Abe weighed down by scandal

Abe weighed down by scandal
The cronyism scandal surrounding Japanese Prime Minister Shinzo Abe has worsened over the recent days. The Japanese Finance Ministry has admitted to having..

The cronyism scandal surrounding Japanese Prime Minister Shinzo Abe has worsened over the recent days. The Japanese Finance Ministry has admitted to having falsified data regarding the controversial sale of a plot of land.

The Prime Minister, who has been accused of corruption and favoritism, has hit back at his critics stating that he was not involved in the falsification of the documents and blamed staff within the ministry.

Background

Shinzo Abe was born into a prominent family and both his father and grandfather were politicians. He served as a Member of the Parliament in Japan from 1993 to 2006. On 26th September 2006, he was elected as Prime Minister. At 52, he was then the youngest PM in Japan’s history since Fumimaro Konoe in 1941. His first term was cut short when he abruptly resigned from his position in 2007. At that time, two ministers in his cabinet stepped down as a result of different scandals. However, Abe said it wasn’t scandal but an illness that led to his resignation. In 2012, he was sworn in as Prime Minister for a second term.

During his second term, Abe enjoyed a reputation as a steadying hand in government. His political party, Liberal Democratic Party (LDP), even changed its rules to allow him to stand for elections for a third time. However, in 2017, he and his party have been bogged down by multiple scandals. In one of the controversies, Abe stands accused of intervening on behalf of his friend Kotaro Kake, to gain approval to open a veterinary school in western Japan. Additionally, Japan’s Defense Minister, Tomomi Inada, has resigned from the cabinet over allegations of a cover-up.

In 2017, two national scandals unfolded that threatened Abe’s leadership. The first one revolved around a kindergarten school. Moritomo Gakuen group had supposedly purchased land to build the school at just one-seventh of the appraised value. Yasunori Kagoike, President of the Moritomo Gakuen group testified that had handed an envelope containing 1m yen (£7,100) and had said it was from Abe. The government has denied that claim. The second scandal was larger in scale. Abe stood accused of intervening on behalf of his friend Kotaro Kake, to gain approval to open a veterinary school in western Japan. 

 

Analysis

In 2017, Abe embroiled in scandal called for snap elections in Japan, which he won by a comfortable margin. However, the fallout from the initial scandals have continued to grow in the last few months. Critics have accused Abe of alleged favoritism and a cover up of the scandal (the one involving purchase of land for schools).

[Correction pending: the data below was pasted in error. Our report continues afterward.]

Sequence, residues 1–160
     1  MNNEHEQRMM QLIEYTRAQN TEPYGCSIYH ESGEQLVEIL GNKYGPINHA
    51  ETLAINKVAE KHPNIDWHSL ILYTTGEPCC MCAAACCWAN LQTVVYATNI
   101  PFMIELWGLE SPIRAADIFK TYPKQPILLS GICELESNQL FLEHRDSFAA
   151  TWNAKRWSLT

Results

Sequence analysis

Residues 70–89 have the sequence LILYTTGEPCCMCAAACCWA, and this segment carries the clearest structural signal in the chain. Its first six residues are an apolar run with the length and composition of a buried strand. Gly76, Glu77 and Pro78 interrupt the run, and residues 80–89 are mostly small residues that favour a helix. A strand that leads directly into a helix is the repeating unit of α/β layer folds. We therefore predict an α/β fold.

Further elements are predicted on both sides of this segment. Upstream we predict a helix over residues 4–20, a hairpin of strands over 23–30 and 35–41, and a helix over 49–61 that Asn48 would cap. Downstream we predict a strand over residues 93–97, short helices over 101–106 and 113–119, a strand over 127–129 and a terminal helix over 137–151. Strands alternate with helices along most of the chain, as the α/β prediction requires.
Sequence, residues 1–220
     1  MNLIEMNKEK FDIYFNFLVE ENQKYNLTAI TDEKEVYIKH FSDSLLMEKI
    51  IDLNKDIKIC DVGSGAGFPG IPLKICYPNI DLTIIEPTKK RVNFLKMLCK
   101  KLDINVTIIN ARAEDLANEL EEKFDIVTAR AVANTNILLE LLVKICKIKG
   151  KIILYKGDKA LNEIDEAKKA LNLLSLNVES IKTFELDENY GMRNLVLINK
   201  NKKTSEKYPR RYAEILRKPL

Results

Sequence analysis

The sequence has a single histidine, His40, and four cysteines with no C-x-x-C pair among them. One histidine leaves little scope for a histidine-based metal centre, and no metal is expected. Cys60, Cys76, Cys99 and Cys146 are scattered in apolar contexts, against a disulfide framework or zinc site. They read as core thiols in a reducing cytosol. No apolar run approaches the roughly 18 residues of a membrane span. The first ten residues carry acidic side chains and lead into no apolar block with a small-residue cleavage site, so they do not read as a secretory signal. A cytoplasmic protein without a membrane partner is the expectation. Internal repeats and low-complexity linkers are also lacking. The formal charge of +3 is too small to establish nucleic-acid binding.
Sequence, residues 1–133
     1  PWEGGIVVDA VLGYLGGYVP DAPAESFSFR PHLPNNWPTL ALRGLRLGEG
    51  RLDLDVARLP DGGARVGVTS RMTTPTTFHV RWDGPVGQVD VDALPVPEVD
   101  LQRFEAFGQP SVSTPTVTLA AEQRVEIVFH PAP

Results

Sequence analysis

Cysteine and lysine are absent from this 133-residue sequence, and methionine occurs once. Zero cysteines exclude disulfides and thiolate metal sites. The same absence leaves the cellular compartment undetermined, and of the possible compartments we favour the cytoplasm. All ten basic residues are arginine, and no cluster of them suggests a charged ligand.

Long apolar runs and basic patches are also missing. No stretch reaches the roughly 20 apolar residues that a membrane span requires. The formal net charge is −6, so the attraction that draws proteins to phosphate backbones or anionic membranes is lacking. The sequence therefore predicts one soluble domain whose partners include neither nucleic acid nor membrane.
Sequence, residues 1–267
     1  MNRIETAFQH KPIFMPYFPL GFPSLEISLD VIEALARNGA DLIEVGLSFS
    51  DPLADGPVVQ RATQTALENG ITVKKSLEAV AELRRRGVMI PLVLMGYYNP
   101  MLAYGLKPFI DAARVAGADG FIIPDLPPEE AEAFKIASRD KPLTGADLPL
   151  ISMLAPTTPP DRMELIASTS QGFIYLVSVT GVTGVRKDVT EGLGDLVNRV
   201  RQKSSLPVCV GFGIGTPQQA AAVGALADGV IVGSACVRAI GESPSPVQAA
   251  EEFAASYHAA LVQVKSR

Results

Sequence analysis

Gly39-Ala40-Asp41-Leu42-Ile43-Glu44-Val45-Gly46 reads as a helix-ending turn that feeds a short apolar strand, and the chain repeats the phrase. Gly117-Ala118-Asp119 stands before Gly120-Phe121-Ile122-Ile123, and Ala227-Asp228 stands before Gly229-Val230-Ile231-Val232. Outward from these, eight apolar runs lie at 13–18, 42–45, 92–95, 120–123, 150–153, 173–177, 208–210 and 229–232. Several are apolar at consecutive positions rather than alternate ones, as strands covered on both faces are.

The scandal was brought once again into the forefront when the finance ministry admitted to having made 14 alterations in documents submitted to parliament relating to the sale. The Japanese Prime Minister has since hit back at his critics and said that he never ordered for the changes that were made and has blamed the staff instead. "I have never ordered changes," he said. The Prime Minister’s wife has also been implicated in the case as she was given an honorary position in the school. She later resigned from the post.

Abe insisted that, even before the alterations, the documents showed that his hands were clean. "If you look at the documents before the alterations, it is clear there is no evidence that I or my wife was involved in the sale of the national land or approval of the school, and that neither I nor my wife was involved."

He has also apologized noting that he "keenly felt" responsibility over the scandal that has "shaken people's confidence in government administration." Meanwhile, public support for Abe and his cabinet has plummeted since the Ministry admitted to alterations. A poll by Japanese daily The Mainichi noted that public support for Abe has “plummeted 12 points to 33 percent in less than a month”. Additionally, the newspaper also stated that “47 percent of respondents said they did not support the Cabinet.”

Assessment

Our assessment is that despite having regained his footing towards the end of 2017, Abe has once again lost the faith of the majority of the public. It remains to be seen if this might result in his resignation. The scandal has certainly diminished his chances for getting re-elected for the next term.

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